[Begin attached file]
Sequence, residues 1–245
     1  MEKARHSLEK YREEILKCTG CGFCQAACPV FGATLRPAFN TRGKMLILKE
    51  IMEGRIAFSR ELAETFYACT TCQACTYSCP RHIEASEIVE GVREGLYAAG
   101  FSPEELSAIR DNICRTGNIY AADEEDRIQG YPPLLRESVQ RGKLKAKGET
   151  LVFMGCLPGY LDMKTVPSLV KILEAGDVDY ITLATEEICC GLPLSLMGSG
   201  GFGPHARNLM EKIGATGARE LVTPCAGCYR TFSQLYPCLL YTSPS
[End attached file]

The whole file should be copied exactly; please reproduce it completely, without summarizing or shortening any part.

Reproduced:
Sequence, residues 1–245
     1  MEKARHSLEK YREEILKCTG CGFCQAACPV FGATLRPAFN TRGKMLILKE
    51  IMEGRIAFSR ELAETFYACT TCQACTYSCP RHIEASEIVE GVREGLYAAG
   101  FSPEELSAIR DNICRTGNIY AADEEDRIQG YPPLLRESVQ RGKLKAKGET
   151  LVFMGCLPGY LDMKTVPSLV KILEAGDVDY ITLATEEICC GLPLSLMGSG
   201  GFGPHARNLM EKIGATGARE LVTPCAGCYR TFSQLYPCLL YTSPS